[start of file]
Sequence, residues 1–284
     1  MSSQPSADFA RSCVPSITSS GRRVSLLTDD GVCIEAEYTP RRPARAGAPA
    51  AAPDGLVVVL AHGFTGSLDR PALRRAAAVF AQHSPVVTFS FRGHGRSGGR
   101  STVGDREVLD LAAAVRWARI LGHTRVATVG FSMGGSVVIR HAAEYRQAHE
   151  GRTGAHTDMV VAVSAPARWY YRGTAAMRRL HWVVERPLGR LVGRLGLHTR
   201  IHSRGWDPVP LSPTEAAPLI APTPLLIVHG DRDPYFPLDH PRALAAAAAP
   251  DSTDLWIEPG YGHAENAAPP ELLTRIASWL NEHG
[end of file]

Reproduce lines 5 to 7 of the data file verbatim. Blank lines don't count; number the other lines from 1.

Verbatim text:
   151  GRTGAHTDMV VAVSAPARWY YRGTAAMRRL HWVVERPLGR LVGRLGLHTR
   201  IHSRGWDPVP LSPTEAAPLI APTPLLIVHG DRDPYFPLDH PRALAAAAAP
   251  DSTDLWIEPG YGHAENAAPP ELLTRIASWL NEHG